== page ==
And so they gave birth to a child, one after another. But the King was so in love with the Brier Maiden that he fell ill and laid in bed. And the girl, she knew that the King was in sickbed, as he was so madly in love, said: «Here's what I'll do: these are the King's children and he has to accept them.»

She takes a basket, a laundry basket, as they were with two handles... she took the two children and hid them under the flowers, such beautiful flowers! And she goes to the King's castle and shouts under his windows: «Who wants to buy roses and flowers to cure heartache!»

The King had a groom and the King asked him: «Who's shouting out there?»

The groom replied, «There's a girl, so beautiful it's hard to imagine, so very-very beautiful.»

«Well,» said the King, «Let her step inside, she asks who wants to buy roses and flowers to cure heartache, quite so, let her inside.»

And she came in. Came in with all them beautiful roses in the basket. «Now, gentlemen,» said she, «I have to go to the village to buy some more roses, but you make your choice and I'll come back later for the basket.»

Well, what do you know! They went through the basket and found the two children.

«Madonna!» cried the King, «See what she did to me! This time she was even better! These kids are her sisters', those who came for a cup of coffee. She took them and brought them to me! Well, take them,» he then said to his groom, «and take them to the hospital.» You see, he didn't marry these girls; those girls before, who gave birth to the children, they repudiated them, and were taken to the hospital. And they would have been taken to the kindergarten, they would have been brought up, you never know, but then again, it is a novella, and you never know how ... whether it will become true or not.

But this happened.

«Now, she has played so many tricks on me, she will pay for it, she will pay for it.»

But the girl no longer went for a walk with her father and sisters.

«Brier Maiden, why don't you come?» But she was afraid, because she had taken the children to the King, you see.

«I won't enjoy it anyway, dear father, I'll stay home.»

She stayed behind and her sisters still went out with their father. One day the King met their father and told him, «Look, there's something I need to tell you.»

«What is it you need to tell me?»

«I want your daughter, the Brier Maiden, to marry me. Let me marry her, if you tell her that she should marry me, then it's all right, otherwise I'll kill you.»

The King would've killed her father, you see, he would've killed her father! Father returned home and told her that, and the Brier Maiden, «Why, that you should die? No, if he told you he'll kill you, then I will marry him, you don't have to die because of me.»

Well, listen how it went. The King married her, but the girl said, «He will kill me anyway, I played so many tricks on him, but I know what to do.» She was a clever lady, you see if you could find someone so clever! Now, listen what she did.

Well, and how was the wedding? Oh, boy! it was a true royal wedding! So very-very-very-very beautiful, but then, he was a King! And what did the girl do: she made a puppet out of sugar and honey, a large and tall woman, whom she made to speak from under the bed, nice and easy. When the darkness fell, the King said:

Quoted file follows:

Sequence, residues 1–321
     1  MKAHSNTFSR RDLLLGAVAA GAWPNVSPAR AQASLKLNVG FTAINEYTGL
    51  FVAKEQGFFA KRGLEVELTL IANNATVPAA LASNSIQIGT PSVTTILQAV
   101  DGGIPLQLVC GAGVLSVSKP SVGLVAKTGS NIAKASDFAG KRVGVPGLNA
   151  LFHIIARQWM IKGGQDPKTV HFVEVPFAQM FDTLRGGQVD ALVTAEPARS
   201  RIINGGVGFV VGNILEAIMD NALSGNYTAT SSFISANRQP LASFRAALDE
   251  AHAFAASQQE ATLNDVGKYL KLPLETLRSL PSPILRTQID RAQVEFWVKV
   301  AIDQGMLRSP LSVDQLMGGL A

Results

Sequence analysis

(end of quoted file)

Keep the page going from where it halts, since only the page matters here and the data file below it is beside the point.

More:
«Now you'll see where you stand. You played so many tricks on me that I have to do the same to you!»

«But,» she said, «Come to bed in the dark.»

«I'll find you anyway.»

«But still, come to the bed in the dark.»

And then, when he had gone to bed, the girl was under the bed and the puppet was in the bed, the girl made it talk. And the King said: «Do you remember, if you remember it well, how I was in love, and you didn't even want to talk to me?»

«Yeah,» said she, she spoke herself, the King was in the dark, he didn't know that it was a puppet, you see. «Yeah,» she said.

«Do you remember, if you remember it well, how you tied me to the apple-tree?»

«Yeah,» said she, with the puppet.

«Do you remember when you brought me your sisters' children?»

«Yeah,» said she.

«Here you have it,» said the King and stabbed her with a knife. Then the puppet broke and one piece fell into the King's mouth.

«Oh, my sweet wife was made of sugar and honey, if I still had her I would love her with all my heart.» Then the girl came out from under the bed and told him, «Do you want me? I'm still here.»

They came together and enjoyed each other.

didn't give me anything

gave me a sugar candy

I put it in the keyhole

it should still be there. Did you get it, isn't it nice!5


  1. Published on pp. 239-247. Translated from Italian with consideration to the original text in the Tuscan dialect. The original title Mazzasprunigliola means in Tuscan dialect 'sprig' (mazza') + 'thorny shrub, bramble-bush' (prunigliolo). The name should refer to the main character's hostile, 'thorny' temper.

  2. Claudio was born in 1973 and was in the third grade at the time of recording. He was an attentive listener of Annina's stories and has included two of them in his own repertoire, performing one of them together with his grandmother (text on p. 80).

  3. Passage from p.80 in F. Mugnaini's book.

  4. F. Mugnaini notes, «An unidentified plant, judging by my conversation with the informers, it cannot be freesia, rather some aromatic herb.» (p. 239)

  5. Reference to the narrative type: AT 883B (The Punished Seducer) + AT 879 (The Basil Maiden. The Sugar Puppet. Viola), DA II 919. One of the analogous variants is DA II 919, in the supplement to the DA index in Thompson the text is categorised under type 883B, with no regard to the motif of the 'sugar puppet', characteristic to type 879.